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Stocks hit 2014 high

The local sharemarket has risen to its highest close of the year, with mining stocks leading the gains and as investors remain focused on earnings season.

The benchmark S&P/ASX 200 Index added 26.6 points, or 0.5 per cent, on Monday to 5382.9, with the broader All Ordinaries Index also lifting 0.5 per cent.

Mining stocks led the gains after the release over the weekend of stronger than expected Chinese credit data provided support for global commodity prices.

Shares followed equity markets in the United States higher in the morning. Wall Street advanced after a preliminary private survey indicated consumer sentiment has improved in February. US earnings season has been helpful for global investor confidence. Roughly three-quarters of US-listed companies that have reported December half results have beat analyst expectations.

Domestically, the local reporting season continued to provide the main focus for investors.
“Earnings season is off to a strong start… most of the larger companies to report so far have exceeded expectations,” Citi equity strategist Tony Brennan said.

Roughly 20 per cent of ASX-listed companies have reported their most recent half year results over the past fortnight, with an avalanche of company results due in the coming weeks.


“Though still early, some positive trends have continued, with good growth in financial sector earnings, underpinned by the banks. This is compensating for still challenging conditions in other areas,” Mr Brennan said. “Meanwhile, cost discipline remains widespread, and is supporting better earnings growth than revenues would imply.”

Since February reporting season began Citi has upgraded its estimates for the market’s earnings growth this financial year by approximately 1 per cent.

Resources giant BHP Billiton rose 0.8 per cent to $38.02 ahead of delivering its interim result on Tuesday. Analysts expect the BHP Billiton to show it has continued to trim production costs. The exporter is also expected to show its profit has benefited from a combination of relatively stable oil, coal and iron ore prices during a period the Aussie dollar has depreciated.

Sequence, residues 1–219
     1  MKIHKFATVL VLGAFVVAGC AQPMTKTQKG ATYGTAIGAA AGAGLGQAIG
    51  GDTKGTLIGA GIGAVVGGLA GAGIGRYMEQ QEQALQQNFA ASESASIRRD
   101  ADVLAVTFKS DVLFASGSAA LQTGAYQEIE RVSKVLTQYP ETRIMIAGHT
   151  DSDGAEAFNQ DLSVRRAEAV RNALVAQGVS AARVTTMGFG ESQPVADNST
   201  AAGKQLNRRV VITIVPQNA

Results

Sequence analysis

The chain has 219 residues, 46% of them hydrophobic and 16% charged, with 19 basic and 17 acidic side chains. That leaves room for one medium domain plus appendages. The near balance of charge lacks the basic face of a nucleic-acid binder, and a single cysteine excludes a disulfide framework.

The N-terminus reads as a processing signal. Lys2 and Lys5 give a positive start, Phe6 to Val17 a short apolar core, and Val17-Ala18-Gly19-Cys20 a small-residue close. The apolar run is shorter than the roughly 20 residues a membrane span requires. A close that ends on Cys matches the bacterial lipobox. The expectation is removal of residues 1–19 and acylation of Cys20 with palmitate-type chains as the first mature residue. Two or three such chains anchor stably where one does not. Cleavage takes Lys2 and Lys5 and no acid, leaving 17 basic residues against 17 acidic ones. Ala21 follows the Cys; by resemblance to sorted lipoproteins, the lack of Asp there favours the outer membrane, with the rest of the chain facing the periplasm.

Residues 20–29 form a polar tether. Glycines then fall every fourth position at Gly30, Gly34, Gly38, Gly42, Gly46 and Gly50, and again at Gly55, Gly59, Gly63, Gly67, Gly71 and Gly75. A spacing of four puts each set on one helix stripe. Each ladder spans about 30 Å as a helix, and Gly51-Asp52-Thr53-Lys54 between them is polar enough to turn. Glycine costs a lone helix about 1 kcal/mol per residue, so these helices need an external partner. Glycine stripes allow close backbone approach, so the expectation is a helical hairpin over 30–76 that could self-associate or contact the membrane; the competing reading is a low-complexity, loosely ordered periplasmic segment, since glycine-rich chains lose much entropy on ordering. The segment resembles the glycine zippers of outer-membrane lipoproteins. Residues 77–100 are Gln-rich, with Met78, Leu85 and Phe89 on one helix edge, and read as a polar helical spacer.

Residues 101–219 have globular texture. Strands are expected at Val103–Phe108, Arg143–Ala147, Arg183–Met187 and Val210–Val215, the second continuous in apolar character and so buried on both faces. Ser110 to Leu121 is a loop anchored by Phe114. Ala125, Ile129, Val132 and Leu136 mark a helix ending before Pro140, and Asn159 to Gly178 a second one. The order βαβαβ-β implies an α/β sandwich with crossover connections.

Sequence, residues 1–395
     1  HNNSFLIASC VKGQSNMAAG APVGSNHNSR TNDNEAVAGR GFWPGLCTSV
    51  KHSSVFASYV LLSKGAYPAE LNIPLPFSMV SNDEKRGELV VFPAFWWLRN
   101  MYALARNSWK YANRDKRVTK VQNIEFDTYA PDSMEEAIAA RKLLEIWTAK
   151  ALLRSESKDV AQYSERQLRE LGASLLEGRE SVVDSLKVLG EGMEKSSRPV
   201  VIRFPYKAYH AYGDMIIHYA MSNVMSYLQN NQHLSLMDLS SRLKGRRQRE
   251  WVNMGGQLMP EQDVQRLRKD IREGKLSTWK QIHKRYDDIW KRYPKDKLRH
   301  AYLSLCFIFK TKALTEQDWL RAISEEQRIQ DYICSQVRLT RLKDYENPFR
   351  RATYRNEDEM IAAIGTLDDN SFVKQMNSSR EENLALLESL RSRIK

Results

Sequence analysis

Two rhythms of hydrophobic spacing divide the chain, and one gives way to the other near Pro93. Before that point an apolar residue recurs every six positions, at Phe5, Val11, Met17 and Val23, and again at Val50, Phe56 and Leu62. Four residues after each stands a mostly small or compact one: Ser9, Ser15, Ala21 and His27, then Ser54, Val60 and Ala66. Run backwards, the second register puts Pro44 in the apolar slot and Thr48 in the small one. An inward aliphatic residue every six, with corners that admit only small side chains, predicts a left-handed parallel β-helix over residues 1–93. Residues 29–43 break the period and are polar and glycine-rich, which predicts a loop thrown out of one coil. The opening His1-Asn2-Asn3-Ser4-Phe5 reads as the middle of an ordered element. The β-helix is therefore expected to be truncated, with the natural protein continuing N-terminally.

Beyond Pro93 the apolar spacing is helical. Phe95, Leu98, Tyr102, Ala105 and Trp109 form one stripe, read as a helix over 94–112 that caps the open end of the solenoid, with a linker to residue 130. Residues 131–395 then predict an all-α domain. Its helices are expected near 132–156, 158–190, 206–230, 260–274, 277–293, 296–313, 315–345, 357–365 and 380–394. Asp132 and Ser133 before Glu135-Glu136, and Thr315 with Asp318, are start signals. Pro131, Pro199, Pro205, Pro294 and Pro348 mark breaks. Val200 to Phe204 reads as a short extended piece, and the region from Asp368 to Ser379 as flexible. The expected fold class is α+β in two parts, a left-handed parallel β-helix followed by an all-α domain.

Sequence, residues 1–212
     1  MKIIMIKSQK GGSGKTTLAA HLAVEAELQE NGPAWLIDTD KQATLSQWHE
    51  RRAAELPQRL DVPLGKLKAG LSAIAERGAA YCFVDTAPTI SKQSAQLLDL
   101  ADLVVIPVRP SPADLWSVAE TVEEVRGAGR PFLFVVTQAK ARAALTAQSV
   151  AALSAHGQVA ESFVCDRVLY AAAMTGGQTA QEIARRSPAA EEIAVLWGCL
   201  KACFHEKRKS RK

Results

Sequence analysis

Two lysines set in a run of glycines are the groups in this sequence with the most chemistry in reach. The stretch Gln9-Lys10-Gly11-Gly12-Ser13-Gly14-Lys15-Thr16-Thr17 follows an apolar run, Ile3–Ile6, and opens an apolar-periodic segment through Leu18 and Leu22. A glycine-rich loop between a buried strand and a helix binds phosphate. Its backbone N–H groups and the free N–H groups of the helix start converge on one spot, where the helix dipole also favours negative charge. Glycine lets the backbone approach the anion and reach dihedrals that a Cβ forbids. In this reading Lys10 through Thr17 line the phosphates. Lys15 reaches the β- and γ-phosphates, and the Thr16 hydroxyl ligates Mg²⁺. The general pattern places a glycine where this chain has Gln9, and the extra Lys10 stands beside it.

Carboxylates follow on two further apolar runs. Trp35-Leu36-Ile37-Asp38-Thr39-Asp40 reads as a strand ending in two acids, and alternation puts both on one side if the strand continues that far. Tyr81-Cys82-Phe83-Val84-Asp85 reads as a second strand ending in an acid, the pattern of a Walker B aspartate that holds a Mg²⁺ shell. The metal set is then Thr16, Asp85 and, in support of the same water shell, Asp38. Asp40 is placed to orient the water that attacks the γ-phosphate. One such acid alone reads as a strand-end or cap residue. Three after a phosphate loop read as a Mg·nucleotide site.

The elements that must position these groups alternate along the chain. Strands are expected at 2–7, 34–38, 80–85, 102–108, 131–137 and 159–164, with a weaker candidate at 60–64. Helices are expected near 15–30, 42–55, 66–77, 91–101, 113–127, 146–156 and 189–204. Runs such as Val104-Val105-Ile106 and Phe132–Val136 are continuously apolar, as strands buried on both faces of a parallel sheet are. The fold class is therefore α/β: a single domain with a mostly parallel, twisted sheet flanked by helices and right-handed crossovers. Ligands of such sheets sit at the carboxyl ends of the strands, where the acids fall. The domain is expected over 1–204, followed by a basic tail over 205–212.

A bumper result from rival Rio Tinto last week further raised market expectations.

After exceeding forecasts for earnings, cashflow and dividends on Thursday, Australia’s second largest resources company Rio Tinto put-on 2.4 per cent to $69.54 as analysts endorsed the result.

Iron ore miner Fortescue Metals Group rose 2.1 per cent to $5.82 as the spot price for iron ore, landed in China, rose 1 per cent to $US123.20 a tonne.

Aurizon Holdings, which provides rail freight haulage to miners, rose 1.8 per cent to a record $5.19 despite showing a 39 per cent drop in interim net profit. Investors were cheered by strong volumes and savings from slashing jobs and reducing the locomotive fleet.

Engineering contractor UGL slid 12 per cent to $6.23 after the group scrapped its interim dividend and downgraded its full year profit forecast.

Glove and condom manufacturer Ansell dropped 5.1 per cent to $18.31 despite posting a 14.9 per cent increase in net profit, boosted by successful new product lines. Overall sales growth was softer than some analysts expected.

The big four banks were all higher. Commonwealth Bank of Australia rose 0.3 per cent to $74.35, Westpac Banking Corporation added 0.5 per cent to $32.91, and ANZ Banking Group gained 0.9 per cent to $31.62. National Australia Bank was the standout among the big banks up 1.9 per cent to $34.75.

Regional lender Bendigo and Adelaide Bank rose 0.5 per cent to $11.78 after boosting its half-year cash profit by 9.5 per cent.

Telstra Corporation rose another 0.4 per cent to $5.22 after delighting shareholders by raising its interim dividend last week.

Food and household basics retailing was the worst-performing sector, down 0.1 per cent, as the biggest supermarket operators were mixed. Woolworths rose 0.3 per cent to $35.61, while Wesfarmers, owner of Coles, fell 0.6 per cent to $43.57 ahead of reporting interim result later this week.

Buru Energy was the worst-performing stock, dumping 18.8 per cent to $1.60, after delivering a disappointing drilling update on its key Ungani-3 oil well.

Resolute Mining was the best-performing stock up 11.5 per cent to 73¢ as the spot price of gold rose 0.5 per cent to $US1325.71 per ounce.

On Tuesday morning the local market will take its cues from Europe and Asia with US markets closed on Monday for the Presidents Day public holiday.